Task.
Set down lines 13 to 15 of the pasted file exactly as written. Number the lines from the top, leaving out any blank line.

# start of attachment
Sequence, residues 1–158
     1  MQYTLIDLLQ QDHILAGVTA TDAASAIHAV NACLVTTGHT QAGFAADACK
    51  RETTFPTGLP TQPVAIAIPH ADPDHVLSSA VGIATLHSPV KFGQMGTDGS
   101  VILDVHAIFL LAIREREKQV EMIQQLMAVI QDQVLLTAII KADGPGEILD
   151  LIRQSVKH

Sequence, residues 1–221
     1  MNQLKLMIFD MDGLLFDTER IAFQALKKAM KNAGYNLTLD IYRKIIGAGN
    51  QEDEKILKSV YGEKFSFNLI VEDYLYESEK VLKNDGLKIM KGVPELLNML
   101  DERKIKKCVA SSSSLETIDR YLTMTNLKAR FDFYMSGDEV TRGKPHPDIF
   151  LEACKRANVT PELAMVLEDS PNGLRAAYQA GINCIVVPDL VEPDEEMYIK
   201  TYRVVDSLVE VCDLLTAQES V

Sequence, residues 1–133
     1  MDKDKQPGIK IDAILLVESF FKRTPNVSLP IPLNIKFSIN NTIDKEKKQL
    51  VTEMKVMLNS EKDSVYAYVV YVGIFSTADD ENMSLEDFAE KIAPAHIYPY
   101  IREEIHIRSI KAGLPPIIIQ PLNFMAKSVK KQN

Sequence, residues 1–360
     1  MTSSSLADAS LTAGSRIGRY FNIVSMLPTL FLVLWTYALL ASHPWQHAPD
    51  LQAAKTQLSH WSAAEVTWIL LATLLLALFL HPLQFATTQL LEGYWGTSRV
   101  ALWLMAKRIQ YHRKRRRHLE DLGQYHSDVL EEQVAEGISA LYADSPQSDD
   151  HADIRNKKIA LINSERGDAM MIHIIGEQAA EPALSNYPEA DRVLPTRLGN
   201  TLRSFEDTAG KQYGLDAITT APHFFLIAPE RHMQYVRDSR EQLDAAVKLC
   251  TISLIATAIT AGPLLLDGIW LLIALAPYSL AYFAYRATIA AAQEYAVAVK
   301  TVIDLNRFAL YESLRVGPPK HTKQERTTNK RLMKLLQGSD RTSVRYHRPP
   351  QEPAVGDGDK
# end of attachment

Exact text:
     1  MDKDKQPGIK IDAILLVESF FKRTPNVSLP IPLNIKFSIN NTIDKEKKQL
    51  VTEMKVMLNS EKDSVYAYVV YVGIFSTADD ENMSLEDFAE KIAPAHIYPY
   101  IREEIHIRSI KAGLPPIIIQ PLNFMAKSVK KQN